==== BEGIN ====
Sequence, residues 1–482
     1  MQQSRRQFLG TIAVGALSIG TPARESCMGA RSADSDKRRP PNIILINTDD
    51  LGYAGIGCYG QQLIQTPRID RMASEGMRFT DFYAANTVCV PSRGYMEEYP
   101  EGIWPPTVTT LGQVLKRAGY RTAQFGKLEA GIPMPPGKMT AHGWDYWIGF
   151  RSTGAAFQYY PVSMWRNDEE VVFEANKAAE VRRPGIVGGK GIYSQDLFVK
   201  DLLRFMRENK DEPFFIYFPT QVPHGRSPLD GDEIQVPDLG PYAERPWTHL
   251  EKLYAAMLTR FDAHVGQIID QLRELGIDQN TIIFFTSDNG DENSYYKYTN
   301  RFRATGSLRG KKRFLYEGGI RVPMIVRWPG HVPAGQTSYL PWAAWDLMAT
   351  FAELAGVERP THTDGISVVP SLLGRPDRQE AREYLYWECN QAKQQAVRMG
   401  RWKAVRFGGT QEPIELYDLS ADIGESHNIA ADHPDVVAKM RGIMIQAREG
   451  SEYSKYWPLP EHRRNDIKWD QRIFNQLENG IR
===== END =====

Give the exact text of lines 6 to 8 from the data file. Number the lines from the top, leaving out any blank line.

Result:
   201  DLLRFMRENK DEPFFIYFPT QVPHGRSPLD GDEIQVPDLG PYAERPWTHL
   251  EKLYAAMLTR FDAHVGQIID QLRELGIDQN TIIFFTSDNG DENSYYKYTN
   301  RFRATGSLRG KKRFLYEGGI RVPMIVRWPG HVPAGQTSYL PWAAWDLMAT